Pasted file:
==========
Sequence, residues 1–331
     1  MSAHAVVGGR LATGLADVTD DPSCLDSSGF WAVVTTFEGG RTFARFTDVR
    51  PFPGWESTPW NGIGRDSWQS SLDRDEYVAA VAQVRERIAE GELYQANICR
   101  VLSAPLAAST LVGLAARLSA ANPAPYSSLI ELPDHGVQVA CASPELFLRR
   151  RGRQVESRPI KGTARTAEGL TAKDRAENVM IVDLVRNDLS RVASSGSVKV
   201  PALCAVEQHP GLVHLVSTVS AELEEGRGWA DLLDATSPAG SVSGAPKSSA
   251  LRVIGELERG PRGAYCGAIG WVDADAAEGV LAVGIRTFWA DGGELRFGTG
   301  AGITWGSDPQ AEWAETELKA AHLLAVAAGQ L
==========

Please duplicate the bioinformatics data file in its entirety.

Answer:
Sequence, residues 1–331
     1  MSAHAVVGGR LATGLADVTD DPSCLDSSGF WAVVTTFEGG RTFARFTDVR
    51  PFPGWESTPW NGIGRDSWQS SLDRDEYVAA VAQVRERIAE GELYQANICR
   101  VLSAPLAAST LVGLAARLSA ANPAPYSSLI ELPDHGVQVA CASPELFLRR
   151  RGRQVESRPI KGTARTAEGL TAKDRAENVM IVDLVRNDLS RVASSGSVKV
   201  PALCAVEQHP GLVHLVSTVS AELEEGRGWA DLLDATSPAG SVSGAPKSSA
   251  LRVIGELERG PRGAYCGAIG WVDADAAEGV LAVGIRTFWA DGGELRFGTG
   301  AGITWGSDPQ AEWAETELKA AHLLAVAAGQ L